• Shoo Out the Clowns: Werner (alias Corporal Kuniski), the Plucky Comic Relief of Steiner's team, is one of the casualties in the Bolivian Army Ending.
  • Shoot the Shaggy Dog: For the Germans, since the entire mission was a pointless effort from the start because the Churchill residing in the English countryside was just a decoy, and the real Churchill was in Tehran to attend an Allied conference. For the Allies, it's a resounding victory.
  • Shot at Dawn: Radl is arrested and summarily executed by an SS firing squad under the pretext that he "exceeded his orders to the point of treason".
  • Shown Their Work: While most movies of this era handwaved the use of non-German equipment by Germans by simply assuming the audience wouldn't be able to tell the difference, they actually go out of their way in this one to provide believable reasons for it, such as the British torpedo boat used by Steiner's men being specifically mentioned as being a captured vessel, as well as the C-47 that was used to drop them into England.
  • Shut Up, Kirk!: Steiner quickly gets fed up with Father Verecker's posturing.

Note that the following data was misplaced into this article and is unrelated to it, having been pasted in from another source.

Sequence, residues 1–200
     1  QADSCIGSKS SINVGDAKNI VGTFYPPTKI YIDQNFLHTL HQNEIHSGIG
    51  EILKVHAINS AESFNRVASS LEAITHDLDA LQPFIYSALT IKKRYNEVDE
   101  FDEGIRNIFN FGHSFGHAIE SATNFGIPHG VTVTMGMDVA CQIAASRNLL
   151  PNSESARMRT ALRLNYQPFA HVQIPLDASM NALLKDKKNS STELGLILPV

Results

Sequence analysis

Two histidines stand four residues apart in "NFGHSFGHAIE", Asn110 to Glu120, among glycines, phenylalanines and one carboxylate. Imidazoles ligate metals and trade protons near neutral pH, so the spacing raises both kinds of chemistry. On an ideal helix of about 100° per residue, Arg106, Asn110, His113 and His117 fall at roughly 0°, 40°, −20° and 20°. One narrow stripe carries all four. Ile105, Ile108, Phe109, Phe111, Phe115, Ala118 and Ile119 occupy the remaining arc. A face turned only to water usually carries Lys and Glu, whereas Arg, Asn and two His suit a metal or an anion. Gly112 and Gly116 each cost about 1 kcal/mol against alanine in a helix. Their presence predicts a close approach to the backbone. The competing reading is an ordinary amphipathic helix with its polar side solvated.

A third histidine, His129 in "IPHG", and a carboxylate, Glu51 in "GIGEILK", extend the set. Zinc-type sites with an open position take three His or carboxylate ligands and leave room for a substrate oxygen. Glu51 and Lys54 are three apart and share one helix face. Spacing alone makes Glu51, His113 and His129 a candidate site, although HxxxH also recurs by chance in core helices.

Verecker: Colonel, my one consolation is that thanks to my sister, your plot has failed.
    Steiner: Really? I thought the plot failed because one of my men died saving the little girl out there.
  • Small Name, Big Ego: After being posted to southern England, Col. Shafto has the idea of forming a small group of commandos to raid the German-occupied French coast. One of his unit's raids gets him on the cover of Life Magazine and makes him a hero back in the States, but nothing indicates the Germans are aware that his force of less than fifty men even exists. According to Captain Kane, the military achievements of "Shafto's Raiders" include blowing up an unoccupied lighthouse in Normandy, and landings on several uninhabited coastal islands.
  • Surrounded by Idiots: When Col. Shafto is told that more than half of his men have been killed by Steiner's, he gripes that it always falls to him to make the tough decisions and do the real fighting.
  • Sympathetic Inspector Antagonist: Captain Clark is this to Steiner and men. He even gave Steiner and his team a chance to surrender without any bloodshed, however Steiner chooses to Face Death with Dignity and remain Defiant to the End since he's an enemy soldier. Also in the book only, the young Special Branch detective partner hunting Devlin which the latter acknowledges he's this and spares his life after overpowering him and killing his superior.